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Winter held on through most of the month, but we did have a few warmish days. We used one of them to take a family walk through the neighborhood. Caleb asked to ride his bike, which, if you’ve seen the hills in our neighborhood, you know is a big request for a little person to make. David carried his bike past the hill of doom we live on to a side road where it would be safe for him to ride and Caleb rode his bike on the road for the first time. He was so happy and proud. He loved riding and looking at the rivers of melting snow trickling down the hills. After our walk we came home and made popcorn and hot cocoa, one of our favorite winter treats. It was one of those days that was perfect for a million wonderful, small reasons and will probably still be etched in my mind when I’m a little old lady :)

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February 2014

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February was the first month since we’ve lived in PA that we’ve had snow on the ground every day from the beginning of the month to the end. We had a blast sledding with neighbors, walking on the frozen lake at our favorite state park and shoveling, shoveling, shoveling…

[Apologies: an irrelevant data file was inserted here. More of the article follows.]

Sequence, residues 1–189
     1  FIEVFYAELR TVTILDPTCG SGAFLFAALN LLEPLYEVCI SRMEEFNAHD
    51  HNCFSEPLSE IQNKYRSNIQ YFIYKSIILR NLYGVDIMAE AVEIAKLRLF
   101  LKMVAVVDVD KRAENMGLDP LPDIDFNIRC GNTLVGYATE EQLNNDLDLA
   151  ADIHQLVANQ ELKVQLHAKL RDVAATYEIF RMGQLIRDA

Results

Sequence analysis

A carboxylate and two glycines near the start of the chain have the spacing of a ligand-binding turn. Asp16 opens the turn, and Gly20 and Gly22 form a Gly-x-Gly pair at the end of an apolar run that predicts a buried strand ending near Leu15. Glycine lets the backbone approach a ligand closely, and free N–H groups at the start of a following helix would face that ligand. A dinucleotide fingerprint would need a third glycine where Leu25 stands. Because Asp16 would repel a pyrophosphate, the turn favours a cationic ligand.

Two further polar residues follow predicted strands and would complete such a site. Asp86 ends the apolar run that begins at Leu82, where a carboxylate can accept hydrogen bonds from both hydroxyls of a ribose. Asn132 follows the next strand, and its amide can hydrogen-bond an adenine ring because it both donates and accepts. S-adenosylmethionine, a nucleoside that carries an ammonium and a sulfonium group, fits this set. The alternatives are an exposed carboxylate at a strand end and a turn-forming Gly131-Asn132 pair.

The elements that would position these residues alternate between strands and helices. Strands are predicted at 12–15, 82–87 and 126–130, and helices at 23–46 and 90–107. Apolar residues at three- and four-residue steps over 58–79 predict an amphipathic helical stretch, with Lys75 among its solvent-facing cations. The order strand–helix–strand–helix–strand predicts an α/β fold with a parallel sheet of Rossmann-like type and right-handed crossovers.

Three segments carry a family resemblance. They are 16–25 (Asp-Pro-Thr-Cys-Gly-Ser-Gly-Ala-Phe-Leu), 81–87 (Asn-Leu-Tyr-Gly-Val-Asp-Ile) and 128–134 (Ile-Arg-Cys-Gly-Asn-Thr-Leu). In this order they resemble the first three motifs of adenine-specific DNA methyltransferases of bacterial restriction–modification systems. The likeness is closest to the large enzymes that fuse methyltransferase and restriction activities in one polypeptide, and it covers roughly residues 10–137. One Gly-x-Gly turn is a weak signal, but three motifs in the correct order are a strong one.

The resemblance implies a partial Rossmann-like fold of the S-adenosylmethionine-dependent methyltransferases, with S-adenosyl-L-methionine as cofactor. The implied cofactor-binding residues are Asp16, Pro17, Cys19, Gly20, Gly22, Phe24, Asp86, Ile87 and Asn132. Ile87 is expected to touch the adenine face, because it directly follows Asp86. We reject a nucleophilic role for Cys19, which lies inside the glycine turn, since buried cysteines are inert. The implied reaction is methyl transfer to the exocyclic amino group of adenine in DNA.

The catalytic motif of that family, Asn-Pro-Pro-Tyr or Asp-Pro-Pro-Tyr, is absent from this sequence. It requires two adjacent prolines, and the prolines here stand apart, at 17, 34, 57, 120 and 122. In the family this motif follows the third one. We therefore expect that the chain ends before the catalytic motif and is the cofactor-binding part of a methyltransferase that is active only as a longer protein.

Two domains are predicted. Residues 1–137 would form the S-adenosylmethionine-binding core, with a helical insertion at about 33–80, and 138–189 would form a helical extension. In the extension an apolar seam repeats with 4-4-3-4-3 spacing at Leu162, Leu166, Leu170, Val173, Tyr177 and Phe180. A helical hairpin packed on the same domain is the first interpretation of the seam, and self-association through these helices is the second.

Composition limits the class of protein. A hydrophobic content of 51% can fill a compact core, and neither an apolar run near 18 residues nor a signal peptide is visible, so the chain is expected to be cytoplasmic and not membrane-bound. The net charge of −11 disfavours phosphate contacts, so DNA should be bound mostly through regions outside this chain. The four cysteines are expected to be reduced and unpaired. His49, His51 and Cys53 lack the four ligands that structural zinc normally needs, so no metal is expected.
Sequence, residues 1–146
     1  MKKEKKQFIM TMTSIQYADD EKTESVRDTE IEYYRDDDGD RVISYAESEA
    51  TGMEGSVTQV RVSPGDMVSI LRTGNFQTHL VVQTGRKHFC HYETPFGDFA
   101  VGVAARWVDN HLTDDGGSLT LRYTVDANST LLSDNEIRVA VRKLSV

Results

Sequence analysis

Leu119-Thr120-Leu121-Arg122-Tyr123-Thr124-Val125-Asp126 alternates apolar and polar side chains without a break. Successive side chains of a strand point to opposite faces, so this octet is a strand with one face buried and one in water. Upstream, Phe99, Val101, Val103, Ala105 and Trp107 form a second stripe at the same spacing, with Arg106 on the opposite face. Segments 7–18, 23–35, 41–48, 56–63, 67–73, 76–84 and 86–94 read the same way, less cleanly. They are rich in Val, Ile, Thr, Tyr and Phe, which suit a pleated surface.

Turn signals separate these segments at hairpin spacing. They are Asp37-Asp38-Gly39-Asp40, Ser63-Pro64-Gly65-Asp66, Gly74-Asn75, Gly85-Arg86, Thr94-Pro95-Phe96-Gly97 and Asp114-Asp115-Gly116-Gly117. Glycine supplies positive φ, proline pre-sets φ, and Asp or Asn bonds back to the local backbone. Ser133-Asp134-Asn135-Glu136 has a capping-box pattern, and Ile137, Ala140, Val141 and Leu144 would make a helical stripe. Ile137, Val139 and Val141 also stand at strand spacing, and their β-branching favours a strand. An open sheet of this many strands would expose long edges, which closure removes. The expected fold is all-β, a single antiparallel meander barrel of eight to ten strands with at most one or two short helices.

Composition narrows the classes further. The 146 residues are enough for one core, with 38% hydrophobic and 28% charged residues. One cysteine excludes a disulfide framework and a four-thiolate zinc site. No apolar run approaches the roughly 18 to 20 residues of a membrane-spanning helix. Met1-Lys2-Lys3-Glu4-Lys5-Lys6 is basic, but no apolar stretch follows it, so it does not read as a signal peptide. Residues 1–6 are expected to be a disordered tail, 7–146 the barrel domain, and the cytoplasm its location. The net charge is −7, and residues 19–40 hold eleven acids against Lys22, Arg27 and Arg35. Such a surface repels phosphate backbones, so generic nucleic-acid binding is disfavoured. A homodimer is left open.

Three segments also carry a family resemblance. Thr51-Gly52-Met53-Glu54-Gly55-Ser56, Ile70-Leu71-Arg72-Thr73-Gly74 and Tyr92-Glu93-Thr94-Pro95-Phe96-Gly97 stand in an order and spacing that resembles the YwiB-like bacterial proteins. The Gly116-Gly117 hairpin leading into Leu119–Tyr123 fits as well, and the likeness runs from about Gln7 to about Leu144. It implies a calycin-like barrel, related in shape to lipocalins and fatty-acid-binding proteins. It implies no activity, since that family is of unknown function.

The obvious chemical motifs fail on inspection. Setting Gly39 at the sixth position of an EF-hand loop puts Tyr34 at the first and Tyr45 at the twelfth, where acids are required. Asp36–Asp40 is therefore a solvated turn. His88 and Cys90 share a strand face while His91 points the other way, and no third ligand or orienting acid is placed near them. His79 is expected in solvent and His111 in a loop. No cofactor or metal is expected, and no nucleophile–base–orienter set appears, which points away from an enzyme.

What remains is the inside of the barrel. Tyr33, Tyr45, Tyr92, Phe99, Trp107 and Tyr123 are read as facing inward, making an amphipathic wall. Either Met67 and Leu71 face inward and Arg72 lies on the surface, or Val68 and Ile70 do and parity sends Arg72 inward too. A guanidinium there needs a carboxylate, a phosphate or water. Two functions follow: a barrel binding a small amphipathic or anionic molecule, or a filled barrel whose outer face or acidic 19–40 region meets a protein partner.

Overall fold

IMG_1941 IMG_2034 IMG_2147 IMG_2168Needless to say, we also needed some ways to stay busy indoors too. Every once and a while, I torture Caleb by making him do arts and crafts. He loves it for the first 5 minutes so we worked on some handmade Valentines, 5 minutes at a time, for about two weeks. At the end, I had him write the first letter of his name on each card. On card #7, he looked at me and said, “Why do all these people have names that start with C?” After I stopped laughing, I explained to him that he was signing his name :)

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Another thing I noticed while we were crafting, Caleb surprised me by randomly switching to writing with his right hand after months of practicing left. He seems to do both equally well so I did some reading up on hand dominance. Apparently, while many children show a clear preference by ages 2-3, some kids keep you guessing until Kindergarten or even 1st grade! Who knew? The advice from the occupational therapy world seems to be, let them switch back and forth as long as needed, don’t choose for them, help them get a correct pencil grip on both sides and it will eventually become evident. So that’s what we’re doing.